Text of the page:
There has been some controversy over the past few months for the George Square redesign in Glasgow, Scotland, since we last announced the six shortlisted architecture firms in December. Following the submission and assessment by a jury in January, the project went through an upheaval when Labour leader of the Glasgow City Council, Gordon Matheson announced that the submitted designs would be scrapped in favor of a “facelift” for the square. Numerous reports on the Herald Scotland present conflicting arguments for the turn of events and the abrupt change in plans have left the council, jury, design firms and the public in discontent. It is unclear what the status of the project is today, but for the moment it is on hold as the council discusses ways in which to proceed.
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The goal of redesigning the two hundred year old plaza, full of sculpture honoring the history of the city, is two-fold. The City Council announced a competition to redevelop the square in preparation for the 2014 Commonwealth Games while also encouraging a design that regards the values of the city for a landscape that can be used as public space. Of the thirty five responses, six were selected late last year to develop designs to present to the jury.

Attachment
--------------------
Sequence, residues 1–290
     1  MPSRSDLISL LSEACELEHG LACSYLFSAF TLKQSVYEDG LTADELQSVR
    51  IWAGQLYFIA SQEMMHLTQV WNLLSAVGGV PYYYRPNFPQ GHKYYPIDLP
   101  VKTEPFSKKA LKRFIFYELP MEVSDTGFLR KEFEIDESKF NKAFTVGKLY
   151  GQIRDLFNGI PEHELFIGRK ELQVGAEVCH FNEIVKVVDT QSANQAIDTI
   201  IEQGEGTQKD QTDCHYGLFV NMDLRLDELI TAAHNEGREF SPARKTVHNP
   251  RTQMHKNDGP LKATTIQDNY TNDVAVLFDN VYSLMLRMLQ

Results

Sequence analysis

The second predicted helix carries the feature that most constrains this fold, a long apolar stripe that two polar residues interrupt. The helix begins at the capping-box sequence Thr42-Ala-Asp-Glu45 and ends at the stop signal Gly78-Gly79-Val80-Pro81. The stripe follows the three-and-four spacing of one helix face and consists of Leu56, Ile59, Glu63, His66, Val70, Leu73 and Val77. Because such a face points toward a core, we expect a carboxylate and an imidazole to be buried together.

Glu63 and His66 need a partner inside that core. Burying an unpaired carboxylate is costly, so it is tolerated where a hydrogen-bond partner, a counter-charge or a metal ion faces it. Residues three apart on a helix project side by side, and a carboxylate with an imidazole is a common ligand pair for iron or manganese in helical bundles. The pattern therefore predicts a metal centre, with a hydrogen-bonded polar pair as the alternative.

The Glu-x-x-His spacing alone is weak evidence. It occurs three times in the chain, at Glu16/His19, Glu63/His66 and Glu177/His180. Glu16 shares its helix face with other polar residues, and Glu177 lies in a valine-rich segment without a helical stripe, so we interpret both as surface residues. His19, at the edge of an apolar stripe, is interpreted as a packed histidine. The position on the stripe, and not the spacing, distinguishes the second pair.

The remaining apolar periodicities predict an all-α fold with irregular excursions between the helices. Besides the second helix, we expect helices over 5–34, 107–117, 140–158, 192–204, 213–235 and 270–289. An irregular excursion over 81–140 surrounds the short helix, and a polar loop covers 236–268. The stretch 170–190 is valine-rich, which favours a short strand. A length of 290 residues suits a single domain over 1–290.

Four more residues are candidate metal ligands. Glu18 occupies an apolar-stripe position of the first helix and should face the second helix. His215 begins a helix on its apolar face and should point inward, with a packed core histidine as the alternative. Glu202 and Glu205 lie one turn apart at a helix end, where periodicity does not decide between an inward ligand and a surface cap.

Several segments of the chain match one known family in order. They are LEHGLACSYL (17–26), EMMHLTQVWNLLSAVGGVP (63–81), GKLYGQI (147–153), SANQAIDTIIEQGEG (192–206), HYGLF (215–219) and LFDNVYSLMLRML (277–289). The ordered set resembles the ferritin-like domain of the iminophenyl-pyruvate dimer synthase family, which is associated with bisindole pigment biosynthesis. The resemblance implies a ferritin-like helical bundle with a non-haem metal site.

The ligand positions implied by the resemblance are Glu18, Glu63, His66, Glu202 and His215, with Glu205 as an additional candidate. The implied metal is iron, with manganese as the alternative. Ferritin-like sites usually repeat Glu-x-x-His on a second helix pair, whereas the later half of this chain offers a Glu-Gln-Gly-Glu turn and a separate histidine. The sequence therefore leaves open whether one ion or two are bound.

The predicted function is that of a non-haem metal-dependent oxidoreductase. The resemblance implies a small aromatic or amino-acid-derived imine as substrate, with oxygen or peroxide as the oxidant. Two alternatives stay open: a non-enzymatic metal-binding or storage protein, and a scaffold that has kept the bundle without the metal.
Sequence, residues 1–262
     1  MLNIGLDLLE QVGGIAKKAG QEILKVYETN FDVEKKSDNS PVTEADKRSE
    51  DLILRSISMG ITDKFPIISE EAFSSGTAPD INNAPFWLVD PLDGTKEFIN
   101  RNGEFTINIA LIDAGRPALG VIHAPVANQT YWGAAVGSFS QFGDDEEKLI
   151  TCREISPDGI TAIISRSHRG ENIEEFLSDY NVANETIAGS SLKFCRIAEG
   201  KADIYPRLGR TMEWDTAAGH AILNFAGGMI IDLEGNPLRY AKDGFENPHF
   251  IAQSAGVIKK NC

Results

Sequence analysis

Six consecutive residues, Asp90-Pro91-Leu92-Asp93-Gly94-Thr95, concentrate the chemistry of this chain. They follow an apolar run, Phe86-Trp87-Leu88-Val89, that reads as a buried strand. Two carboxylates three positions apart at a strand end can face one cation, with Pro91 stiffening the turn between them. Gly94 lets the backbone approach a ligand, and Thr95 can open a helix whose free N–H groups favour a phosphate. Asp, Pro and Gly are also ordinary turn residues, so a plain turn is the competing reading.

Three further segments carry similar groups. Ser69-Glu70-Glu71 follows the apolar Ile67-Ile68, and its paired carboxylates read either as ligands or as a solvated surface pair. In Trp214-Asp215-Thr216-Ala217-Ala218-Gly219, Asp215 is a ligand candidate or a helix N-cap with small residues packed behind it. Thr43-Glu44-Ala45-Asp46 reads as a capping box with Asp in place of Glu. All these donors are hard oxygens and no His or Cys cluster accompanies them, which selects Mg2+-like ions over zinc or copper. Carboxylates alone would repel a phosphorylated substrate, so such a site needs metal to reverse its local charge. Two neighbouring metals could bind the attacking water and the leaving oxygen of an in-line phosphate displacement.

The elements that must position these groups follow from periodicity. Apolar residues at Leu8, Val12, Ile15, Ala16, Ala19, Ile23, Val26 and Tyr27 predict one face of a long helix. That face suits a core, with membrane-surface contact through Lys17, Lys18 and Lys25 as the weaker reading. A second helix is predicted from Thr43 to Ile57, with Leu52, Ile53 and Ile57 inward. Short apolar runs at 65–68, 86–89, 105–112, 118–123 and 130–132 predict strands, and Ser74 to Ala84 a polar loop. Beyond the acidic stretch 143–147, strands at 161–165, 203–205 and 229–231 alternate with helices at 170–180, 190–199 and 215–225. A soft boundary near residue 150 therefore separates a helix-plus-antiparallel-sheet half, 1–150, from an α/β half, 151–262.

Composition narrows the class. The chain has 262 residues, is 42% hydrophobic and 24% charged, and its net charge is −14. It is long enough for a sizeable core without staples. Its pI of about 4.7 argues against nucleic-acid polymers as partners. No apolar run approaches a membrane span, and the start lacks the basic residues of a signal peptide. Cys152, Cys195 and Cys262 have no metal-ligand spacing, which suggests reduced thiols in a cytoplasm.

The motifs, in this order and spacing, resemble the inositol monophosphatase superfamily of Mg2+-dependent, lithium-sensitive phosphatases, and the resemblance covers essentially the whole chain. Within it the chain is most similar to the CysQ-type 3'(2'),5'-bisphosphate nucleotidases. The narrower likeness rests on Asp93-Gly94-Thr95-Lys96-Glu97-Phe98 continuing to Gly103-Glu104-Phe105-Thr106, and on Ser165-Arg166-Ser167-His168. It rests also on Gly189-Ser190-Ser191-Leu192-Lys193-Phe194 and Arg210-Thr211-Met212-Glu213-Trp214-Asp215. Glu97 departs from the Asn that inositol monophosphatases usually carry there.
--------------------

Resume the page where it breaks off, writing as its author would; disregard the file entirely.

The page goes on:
The competition prompt called for a removal of all but one of the sculptures with a design that included seating, greenery, water installations and pop-up cafes. As part of the review process, the public was consulted to review the six submissions. The responses that came back cited insufficient green space and water installations that were unsuitable for Scotland’s climate. Ultimately, after the jury reviewed the submissions, John McAslan + Partners was announced as the winner. Shortly after, Matheson announced that the project would be halted due to the public’s response.
But the controversy that has unfolded includes allegations that Matheson scrapped the competition because he favored a project that the jury ranked as fourth, according to a report on the Herald Scotland by Tom Gordon. It has turned into a he said, she said argument with the council denying the allegations. What has developed from this turn of events is an outreach by firm principal, John McAslan, to explain the design to the public, hosting his own version of a public consultation.
In late January, following Matheson’s announcement, McAslan gave the public a presentation of his firm’s project at George Square. As much as architects try to create a legible form of representation, it is largely esoteric and the general public can easily misinterpret the feeling of architecture and space when reading a plan. McAslan’s hope was to explain the intricacies of the design and point out its flexibility in providing hard- and soft-scape and programmable areas for many different functions, meanwhile addressing questions from the group.
McAslan has also approached Matheson for a meeting to discuss the circumstances of the competition, but details for that meeting are not yet available.